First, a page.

As you're probably aware, selling insurance to young people is difficult. They’re often on a tight budget and are thus careful with their money. Essentially every driver in the United States needs auto insurance, however, so knowing how to sell auto insurance to a younger audience is a must.
Be Honest About Necessity
As an insurance agent, you know that honesty is one of the biggest tools you can wield. Be honest about the amount of coverage your customers – or potential customers - will need. If an agent sells a young client full coverage with add-ons they don't need, the young driver will realize they’re paying too much. They might go somewhere else for coverage once they find this out. Be level with young drivers about the amount of insurance they need to drive legally in their state. And discuss the risks or benefits of other types of insurance. As their finances grow, so may their insurance.
Whether it's their first car or their fifth, young people will respond well if you work for them instead of against them. They want to know that you're going to do what you can to save them money. Otherwise, they're going somewhere else. Discuss the multiple discounts and ways young drivers can save money. As they grow and their financial situation stabilizes, they will add and change insurance as they need. You want to earn their loyalty from the get-go. That way, when they have kids and those kids reach their teenage years, the young drivers will come to you for insurance. Mention things like:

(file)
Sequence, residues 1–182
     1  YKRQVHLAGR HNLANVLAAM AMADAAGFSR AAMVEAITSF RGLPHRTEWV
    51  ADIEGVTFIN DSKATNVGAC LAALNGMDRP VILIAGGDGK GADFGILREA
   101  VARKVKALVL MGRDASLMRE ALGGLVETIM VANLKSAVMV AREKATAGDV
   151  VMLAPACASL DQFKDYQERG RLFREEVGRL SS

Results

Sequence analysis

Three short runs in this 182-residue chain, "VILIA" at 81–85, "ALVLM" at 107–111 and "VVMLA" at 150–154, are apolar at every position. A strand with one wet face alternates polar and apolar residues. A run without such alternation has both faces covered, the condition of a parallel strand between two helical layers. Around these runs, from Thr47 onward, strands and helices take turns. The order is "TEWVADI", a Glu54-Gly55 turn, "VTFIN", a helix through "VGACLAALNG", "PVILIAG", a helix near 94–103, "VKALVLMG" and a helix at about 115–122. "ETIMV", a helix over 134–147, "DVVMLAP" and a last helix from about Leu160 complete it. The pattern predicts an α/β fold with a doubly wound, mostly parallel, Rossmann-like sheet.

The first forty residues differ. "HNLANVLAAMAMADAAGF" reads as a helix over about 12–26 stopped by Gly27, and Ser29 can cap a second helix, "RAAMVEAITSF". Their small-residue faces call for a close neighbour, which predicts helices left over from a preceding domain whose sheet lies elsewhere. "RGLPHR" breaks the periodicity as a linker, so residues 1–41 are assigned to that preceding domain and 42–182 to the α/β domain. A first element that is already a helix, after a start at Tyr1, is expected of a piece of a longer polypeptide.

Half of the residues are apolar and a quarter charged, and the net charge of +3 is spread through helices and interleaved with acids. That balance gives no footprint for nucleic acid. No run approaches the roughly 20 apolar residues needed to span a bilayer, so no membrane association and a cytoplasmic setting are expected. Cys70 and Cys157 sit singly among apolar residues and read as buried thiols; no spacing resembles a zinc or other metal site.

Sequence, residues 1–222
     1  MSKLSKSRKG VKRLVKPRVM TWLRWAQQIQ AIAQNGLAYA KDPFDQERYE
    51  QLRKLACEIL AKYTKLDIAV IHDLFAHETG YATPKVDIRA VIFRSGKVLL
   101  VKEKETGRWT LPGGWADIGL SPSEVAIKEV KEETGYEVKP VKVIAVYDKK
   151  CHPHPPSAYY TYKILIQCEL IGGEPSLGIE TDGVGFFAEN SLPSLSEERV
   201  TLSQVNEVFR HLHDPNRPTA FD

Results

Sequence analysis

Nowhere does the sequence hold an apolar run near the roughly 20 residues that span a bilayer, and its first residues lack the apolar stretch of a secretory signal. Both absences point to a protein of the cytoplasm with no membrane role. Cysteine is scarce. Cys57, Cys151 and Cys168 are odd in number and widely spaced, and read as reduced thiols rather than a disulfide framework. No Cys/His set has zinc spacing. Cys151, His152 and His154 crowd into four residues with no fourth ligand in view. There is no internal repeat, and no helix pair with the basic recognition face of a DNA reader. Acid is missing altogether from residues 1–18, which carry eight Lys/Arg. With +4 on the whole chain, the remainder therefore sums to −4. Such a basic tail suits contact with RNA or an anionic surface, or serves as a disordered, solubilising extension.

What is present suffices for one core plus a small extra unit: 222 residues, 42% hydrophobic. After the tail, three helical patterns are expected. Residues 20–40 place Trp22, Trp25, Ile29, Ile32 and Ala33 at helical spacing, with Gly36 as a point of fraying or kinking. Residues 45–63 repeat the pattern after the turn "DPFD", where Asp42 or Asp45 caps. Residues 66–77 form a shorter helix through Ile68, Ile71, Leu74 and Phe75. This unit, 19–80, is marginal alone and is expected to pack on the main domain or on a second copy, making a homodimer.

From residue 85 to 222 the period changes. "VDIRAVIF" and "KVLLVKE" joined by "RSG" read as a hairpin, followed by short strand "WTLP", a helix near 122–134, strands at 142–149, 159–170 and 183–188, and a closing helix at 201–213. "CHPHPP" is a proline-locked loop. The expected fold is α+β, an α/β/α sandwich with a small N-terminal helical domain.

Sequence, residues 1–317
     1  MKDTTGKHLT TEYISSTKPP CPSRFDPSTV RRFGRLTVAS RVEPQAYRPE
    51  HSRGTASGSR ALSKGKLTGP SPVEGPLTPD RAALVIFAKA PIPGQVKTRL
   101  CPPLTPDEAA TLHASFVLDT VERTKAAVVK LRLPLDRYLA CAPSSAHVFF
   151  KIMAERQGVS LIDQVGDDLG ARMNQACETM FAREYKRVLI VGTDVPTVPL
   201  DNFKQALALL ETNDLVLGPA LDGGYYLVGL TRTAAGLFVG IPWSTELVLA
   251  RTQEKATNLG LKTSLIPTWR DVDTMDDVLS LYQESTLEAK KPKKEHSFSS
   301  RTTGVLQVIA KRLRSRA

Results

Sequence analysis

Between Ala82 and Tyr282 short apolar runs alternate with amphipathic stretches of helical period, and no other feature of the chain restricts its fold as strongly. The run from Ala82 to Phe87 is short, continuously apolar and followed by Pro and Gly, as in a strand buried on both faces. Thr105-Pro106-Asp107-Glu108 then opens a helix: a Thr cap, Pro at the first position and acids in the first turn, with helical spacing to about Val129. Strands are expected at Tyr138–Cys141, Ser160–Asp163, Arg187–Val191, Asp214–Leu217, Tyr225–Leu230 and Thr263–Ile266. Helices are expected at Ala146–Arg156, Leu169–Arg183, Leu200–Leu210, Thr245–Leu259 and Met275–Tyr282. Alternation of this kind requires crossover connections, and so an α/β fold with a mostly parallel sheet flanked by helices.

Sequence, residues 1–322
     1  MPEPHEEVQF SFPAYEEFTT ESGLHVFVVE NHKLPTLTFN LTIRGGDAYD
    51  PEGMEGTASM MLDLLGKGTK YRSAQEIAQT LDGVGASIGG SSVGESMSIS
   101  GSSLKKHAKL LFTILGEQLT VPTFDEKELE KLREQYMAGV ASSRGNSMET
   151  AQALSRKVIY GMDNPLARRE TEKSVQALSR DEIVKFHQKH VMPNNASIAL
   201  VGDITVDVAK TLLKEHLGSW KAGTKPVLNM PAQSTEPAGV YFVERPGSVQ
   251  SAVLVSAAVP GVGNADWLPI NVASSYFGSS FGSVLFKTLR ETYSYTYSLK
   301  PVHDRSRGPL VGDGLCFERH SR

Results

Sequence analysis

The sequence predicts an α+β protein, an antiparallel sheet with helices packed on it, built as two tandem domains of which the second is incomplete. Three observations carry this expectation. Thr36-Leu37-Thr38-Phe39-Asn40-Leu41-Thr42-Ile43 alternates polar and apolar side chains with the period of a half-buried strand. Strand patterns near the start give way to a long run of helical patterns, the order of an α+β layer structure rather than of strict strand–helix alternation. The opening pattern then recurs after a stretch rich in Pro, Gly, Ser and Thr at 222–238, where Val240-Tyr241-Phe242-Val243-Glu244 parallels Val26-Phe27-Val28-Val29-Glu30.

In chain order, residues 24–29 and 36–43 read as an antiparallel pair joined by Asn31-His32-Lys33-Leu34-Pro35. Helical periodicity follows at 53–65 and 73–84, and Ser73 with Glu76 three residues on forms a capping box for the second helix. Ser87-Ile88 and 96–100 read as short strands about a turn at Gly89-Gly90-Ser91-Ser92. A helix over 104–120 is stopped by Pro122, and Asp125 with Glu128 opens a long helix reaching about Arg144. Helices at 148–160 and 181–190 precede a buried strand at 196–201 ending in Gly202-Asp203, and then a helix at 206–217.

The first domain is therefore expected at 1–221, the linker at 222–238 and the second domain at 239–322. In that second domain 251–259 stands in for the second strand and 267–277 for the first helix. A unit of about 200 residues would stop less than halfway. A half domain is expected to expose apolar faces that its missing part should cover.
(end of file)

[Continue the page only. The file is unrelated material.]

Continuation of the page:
- Safe driver discounts
- Good student discounts
- Defensive driving courses
If your clients are young teen themselves, it may be more suitable to remain on their parents’ policy. Discuss this with the teen and their parents to find the best arrangement for everyone.
Explain The Risks And Costs
New drivers don't always know what raises their insurance costs. If they get in a wreck or get a ticket, they don't want to be blindsided by a jump in their insurance rates. Remind them that their actions behind the wheel can influence how much they pay for their policy. Pay special attention to:
- Getting tickets
- Committing other traffic violations
- Committing parking violations
- Having bad or no credit
- Being a high-risk driver
If young drivers think they don't need insurance, it's also pertinent to remind them of the risks of driving without it. Not only is it punishable by law, but also getting in a wreck with another car without insurance may cost drivers more out of pocket than what they would have paid if they were insured. It's also important to note that for drivers with no credit, paying an auto insurance bill is a good way to build credit — if they don't want to invest in a credit card.
Drivers are statistically more likely to get into a crash in the first year after they get their license. There was about $13.1 billion in motor vehicle injuries in 2017 among teens 15-19 years old. It can be a large risk to insure young drivers, since they represent the highest financial instability due to these crashes and other similar factors. Insuring such risky behavior makes insurance companies push up the rates new drivers must pay. This is one reason why young drivers hop from agency to agency trying to find the cheapest auto insurance or attempting to lower their premiums.
Be open with young drivers about the risks and costs of insurance. Educate them on the bare minimum amount of liability, uninsured motorist and comprehensive insurance they need to drive legally in their state. And help them understand their own policy and its cost.